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Taking Its Toll

Labor STRIFE, racial tension and a "disadvantaged" owner who drives a Mercedes: between the lines of DIA's controversial parking contract.

Marsha Mahoney, who has worked in the toll plaza since March, says the main reason there's been almost complete turnover at Colorado Parking since DIA opened is lack of training and disrespect for employees. "I was trained one day and then put in a booth on my own," she says. Mahoney was quickly able to learn how things were supposed to work in the toll booths, but she says others weren't as fast to catch on and were abruptly fired. Those who stay, she says, are often suspended for routine errors that the company may not discover until months after the fact.

"They discipline people for being late three or four months after they were late," says Tony Brown. "Right now they're disciplining two people who were late in November. Management will say, 'You were late in September and you're fired.' They're bullies toward the workers."

Brown also says he received virtually no training. "I've been asking for a job description ever since I started," he says. "When I first started in October, no one even read my resume. The management has no training, either. If it wasn't for the people who came from previous jobs with training, things wouldn't work at all."

Over the summer, Mahoney says, employees' paychecks were routinely withheld if their cash drawers came up short. "They'd take people's checks away from them and say, 'We'll cash your check and give you what's left over,'" she says. "One time the computers went down and showed a shortage. The manager said it wasn't my fault but I had to pay anyway."

Susan Chavez, a spokeswoman for Parking Company of America, the Cincinnati-based majority owner of Colorado Parking, confirms that employee pay was withheld. "For one short period there were deductions," she says. When the company learned that the practice was illegal in Colorado, she adds, "we changed the procedure."

Employee complaints prompted last spring's organizing drive by Local 105 of the Service Employees International Union. The union won the representation election last month by a vote of 91 to 64, and bargaining for a new contract is expected to begin this week. Most of the parking employees make $7.36 an hour, but union organizer David Portillo says working conditions, not wages, are the main issue.

"It's the way Colorado Parking does business," he says. "There isn't due process. Somebody can be tardy once and get fired, and somebody else won't be. It depends on what the supervisor's mood is that day."

When a supervisor refused one cashier's request for a bathroom break, Portillo says, the woman was forced to relieve herself in her booth, in between taking tickets from motorists. "The breaks aren't regularly scheduled," Portillo says. "The cashiers ask if they can close their booth if they have to go to the bathroom. If there's a big line, they're told to hold it. This is a big issue with the cashiers."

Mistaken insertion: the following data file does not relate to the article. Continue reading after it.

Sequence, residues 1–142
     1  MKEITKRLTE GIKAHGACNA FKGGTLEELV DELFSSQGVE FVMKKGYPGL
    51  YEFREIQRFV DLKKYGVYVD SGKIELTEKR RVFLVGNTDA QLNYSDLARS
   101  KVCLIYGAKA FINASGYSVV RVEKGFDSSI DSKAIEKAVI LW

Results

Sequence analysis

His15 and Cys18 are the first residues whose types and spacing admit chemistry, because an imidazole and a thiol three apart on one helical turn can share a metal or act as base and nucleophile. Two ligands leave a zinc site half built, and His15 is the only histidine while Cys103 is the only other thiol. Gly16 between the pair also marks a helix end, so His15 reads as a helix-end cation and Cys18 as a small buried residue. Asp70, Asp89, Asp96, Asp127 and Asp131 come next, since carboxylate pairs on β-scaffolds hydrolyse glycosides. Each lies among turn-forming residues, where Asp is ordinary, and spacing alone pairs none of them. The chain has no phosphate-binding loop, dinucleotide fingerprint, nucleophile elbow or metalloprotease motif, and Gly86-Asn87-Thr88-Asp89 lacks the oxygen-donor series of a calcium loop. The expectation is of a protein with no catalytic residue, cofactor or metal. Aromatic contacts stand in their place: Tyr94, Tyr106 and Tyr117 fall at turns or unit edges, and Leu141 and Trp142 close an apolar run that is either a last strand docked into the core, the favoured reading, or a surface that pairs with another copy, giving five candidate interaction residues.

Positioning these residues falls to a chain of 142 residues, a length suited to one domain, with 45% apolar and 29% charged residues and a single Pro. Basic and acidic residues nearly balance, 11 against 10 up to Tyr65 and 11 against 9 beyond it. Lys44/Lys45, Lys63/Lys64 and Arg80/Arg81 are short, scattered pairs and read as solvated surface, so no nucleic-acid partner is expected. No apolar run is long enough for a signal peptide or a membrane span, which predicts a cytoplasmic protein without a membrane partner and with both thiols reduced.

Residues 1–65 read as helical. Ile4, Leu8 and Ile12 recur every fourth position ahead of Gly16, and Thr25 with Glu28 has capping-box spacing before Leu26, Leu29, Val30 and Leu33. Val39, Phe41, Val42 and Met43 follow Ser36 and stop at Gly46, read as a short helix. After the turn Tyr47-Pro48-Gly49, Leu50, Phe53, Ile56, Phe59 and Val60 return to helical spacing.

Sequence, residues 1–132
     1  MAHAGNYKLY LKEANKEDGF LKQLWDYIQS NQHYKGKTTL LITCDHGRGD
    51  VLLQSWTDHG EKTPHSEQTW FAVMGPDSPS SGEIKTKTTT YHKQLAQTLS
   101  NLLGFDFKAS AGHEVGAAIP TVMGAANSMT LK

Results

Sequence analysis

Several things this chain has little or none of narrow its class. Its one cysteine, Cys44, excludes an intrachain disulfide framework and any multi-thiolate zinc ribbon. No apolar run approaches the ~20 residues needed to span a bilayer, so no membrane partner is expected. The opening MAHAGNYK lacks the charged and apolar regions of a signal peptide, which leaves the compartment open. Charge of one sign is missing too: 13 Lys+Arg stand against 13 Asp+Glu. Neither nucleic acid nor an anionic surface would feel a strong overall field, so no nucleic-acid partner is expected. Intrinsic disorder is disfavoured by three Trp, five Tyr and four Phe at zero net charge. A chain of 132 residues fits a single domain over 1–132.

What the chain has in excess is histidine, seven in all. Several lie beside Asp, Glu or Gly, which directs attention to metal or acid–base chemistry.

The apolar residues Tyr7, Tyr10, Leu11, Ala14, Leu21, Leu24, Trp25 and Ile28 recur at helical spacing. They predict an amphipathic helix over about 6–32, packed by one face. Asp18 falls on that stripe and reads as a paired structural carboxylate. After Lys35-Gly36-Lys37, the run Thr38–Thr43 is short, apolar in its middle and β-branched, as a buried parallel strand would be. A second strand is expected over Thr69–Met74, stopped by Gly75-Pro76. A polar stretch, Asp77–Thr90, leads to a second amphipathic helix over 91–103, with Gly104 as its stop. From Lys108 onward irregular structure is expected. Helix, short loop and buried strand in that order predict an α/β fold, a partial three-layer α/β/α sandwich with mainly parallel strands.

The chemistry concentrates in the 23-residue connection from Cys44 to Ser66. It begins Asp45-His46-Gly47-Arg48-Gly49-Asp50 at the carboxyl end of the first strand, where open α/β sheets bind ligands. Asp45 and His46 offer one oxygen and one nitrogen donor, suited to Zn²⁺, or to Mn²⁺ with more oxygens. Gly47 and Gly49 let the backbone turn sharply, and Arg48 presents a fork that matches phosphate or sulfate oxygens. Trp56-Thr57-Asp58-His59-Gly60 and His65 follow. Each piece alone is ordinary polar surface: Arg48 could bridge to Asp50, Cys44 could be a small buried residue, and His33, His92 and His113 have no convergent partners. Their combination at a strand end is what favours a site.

Meanwhile, says Tony Brown, Colorado Parking's local partner is rarely seen at DIA. The only time Morris Clark has been spotted by the employees, Brown says, is when he's on the way to the quarterly meeting where he votes on his own bonus. "That's the only time we've seen him," says Brown. "He's never there."

Clark says his absence is explained by the fact that his partner, Parking Company of America, handles the operational details of the parking concession. And he says many of the problems at the toll plaza are the result of opening at a new airport.

"With any new facility there's always things that need to be improved," Clark says. "There was a very high [employee] turnover. The job is a difficult one. We procure money for the city. We have to have people who understand that. If it meant letting people go or finding out competency, we did that. We're the first and last people that interact with [the public] at DIA. That's one hell of a responsibility."

Clark confirms that his employees have no dental insurance but says he hopes to offer dental coverage in the future. He bristles at the suggestion that his company is a bad place for minorities. "We have a good program for our employees," he insists. "The employees are compensated well. This is the greatest airport in the world and the people who work for us know that."

Clark insists that, far from being a hotbed of labor trouble, Colorado Parking enjoys "very high" worker morale. "The employees are satisfied with what we're doing," he says. He plays down the vote to unionize, which capped a nine-month organizing effort that became a frequent topic of discussion at city council airport committee meetings.

During those biweekly gatherings, several cashiers testified on the company's cash-shortage policy and the high rate of turnover. The union also accused Colorado Parking of trying to thwart its organizing drive by threatening to fire employees involved with the union--a claim that was later backed up by the federal National Labor Relations Board (NLRB). "We constantly had workers there," Portillo says. "The city council wasn't interested in seeing this on their table every year for the next four years."

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